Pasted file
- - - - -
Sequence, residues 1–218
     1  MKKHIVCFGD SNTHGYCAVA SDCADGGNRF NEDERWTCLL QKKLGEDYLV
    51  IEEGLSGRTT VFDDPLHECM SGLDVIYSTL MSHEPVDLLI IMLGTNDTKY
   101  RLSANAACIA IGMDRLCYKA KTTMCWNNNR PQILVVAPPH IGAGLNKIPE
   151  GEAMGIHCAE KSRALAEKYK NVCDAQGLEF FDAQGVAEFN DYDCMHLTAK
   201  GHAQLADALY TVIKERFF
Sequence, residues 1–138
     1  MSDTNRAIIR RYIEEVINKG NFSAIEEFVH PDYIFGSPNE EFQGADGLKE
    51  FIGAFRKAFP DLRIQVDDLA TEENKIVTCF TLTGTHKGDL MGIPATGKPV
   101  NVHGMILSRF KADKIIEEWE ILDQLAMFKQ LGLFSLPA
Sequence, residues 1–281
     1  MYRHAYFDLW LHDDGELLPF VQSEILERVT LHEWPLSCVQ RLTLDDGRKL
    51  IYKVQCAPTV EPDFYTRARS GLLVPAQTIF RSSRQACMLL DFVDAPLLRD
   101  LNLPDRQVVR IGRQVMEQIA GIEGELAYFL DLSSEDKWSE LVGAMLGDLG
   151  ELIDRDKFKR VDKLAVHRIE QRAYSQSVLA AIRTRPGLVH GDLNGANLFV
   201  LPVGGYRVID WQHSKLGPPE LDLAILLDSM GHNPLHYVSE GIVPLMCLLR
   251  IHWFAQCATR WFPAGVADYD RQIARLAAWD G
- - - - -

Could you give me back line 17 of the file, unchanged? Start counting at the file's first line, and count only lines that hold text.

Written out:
   251  IHWFAQCATR WFPAGVADYD RQIARLAAWD G